Tutorial: How to install a 3TB disk drive in an old PC

I'd recently run out of room on my data drive so I was looking for an easy way to increase the storage - and to give me some room to rebuild my home server at the same time.  Looking round, the best value disk drive I found was a 3TB high-capacity disk drive as a replacement  to install in my main computer.

I run a reasonably well-specced Dell Optiplex 780 equipped with a quad-core CPU, 8GB of RAM, an Intel SSD and a 500GB disk drive.  While this is fine for day-to-day use - and with a decent Sapphire low-profile Radeon HD 6670 graphics card, it's also a fair games player - it is considered an old machine these days and I thought I may run into some problems putting such a large hard disk drive into it.

I wasn't wrong.

I'll summarise the three major problems you'll face so you can see what you may be up against if you choose to install a 3TB disk drive - and then show you what I did to get the disk drive active in Windows.
  1. Older computers (such as my Dell) run a traditional BIOS rather than the newer UEFI-based systems available now.  This means that if your PC has a BIOS it cannot boot from disk drives more than 2.2TB in size.  Depending on how old your PC is, it may not even recognise a 3TB disk drive!
  2. Microsoft, in their wisdom, designed their 32-bit consumer operating systems (32- and 64-bit Windows XP, 32-bit Vista, 32-bit Windows 7) so that they do not support larger than 2.2TB disk drives.
  3. Even running the 3TB drive in an external USB enclosure may not work as many USB controllers cannot properly address a 3TB disk drive.
For me:
  • I normally boot 64-bit Windows 7 from an 80G SSD hard drive, so, although my PC is too old to boot from the 3TB drive, I am able to access the 3TB disk drive as a data drive once Windows has loaded.  
  • I used an external usb docking station to copy my existing data to the new disk drive and then swapped drives in the PC to complete the upgrade.  Even though the enclosure did not fully access the new drive I was able to get the full capacity of the drive available to use.
Here's what I did:

Step One: Check your PC recognises the drive
I temporarily took the existing disk drives out of my PC and installed the new 3TB disk drive to check that the BIOS recognised it properly as a 3TB disk drive.  It did.

Step Two: Check the Caddy recognises the drive
I put back the old disk drives and booted my PC into Windows.  I then connected the 3TB disk drive to the PC via the external USB caddy. The drive was recognised, which was positive, but there were issues.  See Stage Three below.

Step Three: Prepare the new drive
Next, you need to format the new disk drive.  The easiest way to do this is to run the Windows Disk Management tool. Click on Start, then in the Search programs and files box type diskmgmt.msc and press Enter. After a few seconds the Disk management tool starts up.  As you've a new, uninitialised disk in the computer you may get a pop-up window like this:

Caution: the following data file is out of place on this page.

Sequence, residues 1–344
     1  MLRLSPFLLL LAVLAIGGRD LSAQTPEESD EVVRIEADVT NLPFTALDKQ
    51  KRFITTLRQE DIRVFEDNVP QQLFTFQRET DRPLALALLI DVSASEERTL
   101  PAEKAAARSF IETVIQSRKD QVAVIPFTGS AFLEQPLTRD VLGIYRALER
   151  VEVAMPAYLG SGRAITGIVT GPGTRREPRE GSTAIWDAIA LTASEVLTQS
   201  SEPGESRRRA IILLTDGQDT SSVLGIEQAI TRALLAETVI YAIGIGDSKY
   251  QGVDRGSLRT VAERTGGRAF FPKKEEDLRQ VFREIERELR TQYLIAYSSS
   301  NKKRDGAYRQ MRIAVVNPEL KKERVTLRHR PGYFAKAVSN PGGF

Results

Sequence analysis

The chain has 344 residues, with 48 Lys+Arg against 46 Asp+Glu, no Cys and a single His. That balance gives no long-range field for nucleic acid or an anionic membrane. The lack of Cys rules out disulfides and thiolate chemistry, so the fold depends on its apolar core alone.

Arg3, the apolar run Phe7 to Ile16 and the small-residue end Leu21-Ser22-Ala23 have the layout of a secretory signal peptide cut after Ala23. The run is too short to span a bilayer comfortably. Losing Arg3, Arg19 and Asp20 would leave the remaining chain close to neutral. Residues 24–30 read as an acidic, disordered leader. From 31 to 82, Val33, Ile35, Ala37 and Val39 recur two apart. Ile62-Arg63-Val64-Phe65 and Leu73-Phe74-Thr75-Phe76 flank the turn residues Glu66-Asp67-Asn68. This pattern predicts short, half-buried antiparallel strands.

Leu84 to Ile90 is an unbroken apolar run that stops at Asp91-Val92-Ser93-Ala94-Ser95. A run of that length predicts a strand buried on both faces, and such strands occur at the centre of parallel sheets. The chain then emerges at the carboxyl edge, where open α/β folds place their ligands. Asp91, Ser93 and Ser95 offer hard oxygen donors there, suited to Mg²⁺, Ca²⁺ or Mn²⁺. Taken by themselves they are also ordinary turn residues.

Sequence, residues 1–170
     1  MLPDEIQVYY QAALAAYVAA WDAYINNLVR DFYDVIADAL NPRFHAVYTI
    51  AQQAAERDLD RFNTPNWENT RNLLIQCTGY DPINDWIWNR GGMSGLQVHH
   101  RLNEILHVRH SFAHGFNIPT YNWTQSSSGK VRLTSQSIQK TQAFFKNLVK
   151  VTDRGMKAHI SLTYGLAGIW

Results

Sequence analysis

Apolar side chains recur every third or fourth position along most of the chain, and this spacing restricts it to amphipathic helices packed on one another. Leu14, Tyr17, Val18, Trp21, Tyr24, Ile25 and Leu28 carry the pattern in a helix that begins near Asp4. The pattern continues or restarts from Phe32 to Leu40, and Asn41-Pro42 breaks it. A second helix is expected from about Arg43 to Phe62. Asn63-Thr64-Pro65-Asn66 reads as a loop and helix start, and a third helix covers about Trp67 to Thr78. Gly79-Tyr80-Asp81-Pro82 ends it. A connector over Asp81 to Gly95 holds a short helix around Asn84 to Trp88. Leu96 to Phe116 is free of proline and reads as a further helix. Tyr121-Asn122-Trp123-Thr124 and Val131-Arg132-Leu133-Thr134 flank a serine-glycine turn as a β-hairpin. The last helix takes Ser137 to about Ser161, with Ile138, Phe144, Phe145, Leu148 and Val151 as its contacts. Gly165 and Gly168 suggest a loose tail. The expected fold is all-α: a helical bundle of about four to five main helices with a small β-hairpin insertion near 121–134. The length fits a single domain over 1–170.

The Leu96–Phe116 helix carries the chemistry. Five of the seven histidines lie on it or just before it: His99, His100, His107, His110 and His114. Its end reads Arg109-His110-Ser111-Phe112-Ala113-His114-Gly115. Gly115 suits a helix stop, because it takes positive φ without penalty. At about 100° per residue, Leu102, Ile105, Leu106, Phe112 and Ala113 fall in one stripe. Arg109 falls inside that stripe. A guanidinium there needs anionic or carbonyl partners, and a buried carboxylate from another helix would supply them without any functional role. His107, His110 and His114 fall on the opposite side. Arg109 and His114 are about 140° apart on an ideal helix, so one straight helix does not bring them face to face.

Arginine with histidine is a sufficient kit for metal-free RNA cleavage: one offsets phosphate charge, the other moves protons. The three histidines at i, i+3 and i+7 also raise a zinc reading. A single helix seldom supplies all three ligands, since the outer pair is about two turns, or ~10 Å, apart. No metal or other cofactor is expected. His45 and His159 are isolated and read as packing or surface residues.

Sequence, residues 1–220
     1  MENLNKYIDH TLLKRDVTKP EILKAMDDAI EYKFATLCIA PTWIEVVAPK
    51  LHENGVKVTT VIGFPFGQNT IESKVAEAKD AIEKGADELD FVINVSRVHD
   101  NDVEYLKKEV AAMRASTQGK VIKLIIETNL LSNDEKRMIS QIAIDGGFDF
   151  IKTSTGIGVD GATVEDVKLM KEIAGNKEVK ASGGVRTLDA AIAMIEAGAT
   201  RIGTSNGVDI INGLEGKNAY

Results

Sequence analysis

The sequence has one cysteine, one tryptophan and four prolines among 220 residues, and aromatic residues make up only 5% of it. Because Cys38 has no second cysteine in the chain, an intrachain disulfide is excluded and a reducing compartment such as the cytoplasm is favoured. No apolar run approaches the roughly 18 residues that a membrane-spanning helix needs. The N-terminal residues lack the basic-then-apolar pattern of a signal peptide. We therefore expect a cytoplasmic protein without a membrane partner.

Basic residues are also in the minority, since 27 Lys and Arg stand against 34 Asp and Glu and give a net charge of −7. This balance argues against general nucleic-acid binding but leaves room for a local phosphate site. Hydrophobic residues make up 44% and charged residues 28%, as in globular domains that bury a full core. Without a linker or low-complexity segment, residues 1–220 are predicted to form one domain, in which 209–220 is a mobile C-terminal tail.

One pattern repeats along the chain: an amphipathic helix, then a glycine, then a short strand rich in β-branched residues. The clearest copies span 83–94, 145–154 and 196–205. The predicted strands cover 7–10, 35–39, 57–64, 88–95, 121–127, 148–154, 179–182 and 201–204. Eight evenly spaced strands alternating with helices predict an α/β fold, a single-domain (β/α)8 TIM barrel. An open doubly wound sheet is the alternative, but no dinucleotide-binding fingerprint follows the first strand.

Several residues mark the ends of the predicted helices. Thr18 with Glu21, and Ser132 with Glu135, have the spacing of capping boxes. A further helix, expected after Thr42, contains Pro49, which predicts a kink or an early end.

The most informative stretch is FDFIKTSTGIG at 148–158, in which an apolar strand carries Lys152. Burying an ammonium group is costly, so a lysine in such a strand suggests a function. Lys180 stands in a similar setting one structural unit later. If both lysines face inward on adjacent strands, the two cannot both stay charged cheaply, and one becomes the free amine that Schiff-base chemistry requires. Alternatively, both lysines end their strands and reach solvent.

If you don't, hover your mouse over the new drive, right-click and click on Initialise Disk.  Note that the wizard offers you two types of initialisation: MBR or GPT.  Choose GPD and click on OK.  When the disk is initialised you may notice that Windows shows you only have 746GB of unallocated space instead of the full 3TB.  Don't worry; this happens frequently, but there is a way round it as you will see if you read on below.  Go ahead and create a New Simple Volume and use all of the unallocated space on the new volume. Finally, format the new volume ready for use and assign a drive letter.

Step Four: Copy your data to the new drive
As I was upgrading my old 500GB data drive, I wanted to copy the whole of the old drive contents to the new drive.  For this I used an excellent free product called AOMEI Partition Assistant.  This has a Partition Copy wizard which I used to copy my old Data drive to the newly created volume on the 3TB drive.  Run this wizard and set your old data drive as the Source partition and the 3TB disk drive as the Destination Space,  let it complete and then shut the PC down.

Step Five: Swap out your old Data drive
Once the PC has shut down open it up and replace your old data drive with the new 3TB one.  Put the old drive safely to one side - this is your backup while you finish the process!!  Then power up the PC.  Now, because my data was stored on Drive E and the new drive was set as Drive F, I ran into some issues because Windows could not find some of my data. If you run into the same issues as I did then run diskmgmt.msc and re-assign the drive letter to be the same as your old data drive (E: in my case - yours could well be different)  You may have to re-boot the PC to make sure everything works as it should.

Step Six: Resize your Data partition
After a successful reboot, re-run the AOMEI Partition Assistant and this time highlight the new data partition on the 3TB drive.  Run the Resize/Move partition wizard and drag the slider of the data partition to take up the full 3TB (mine showed 2,794GB.  Good enough!)
Let the wizard run until it has finished and check you can read and write files on the new disk.

Last of all - enjoy all this new-found space!  As you can see below, on my system the disk is running well and has lots of spare space - for now!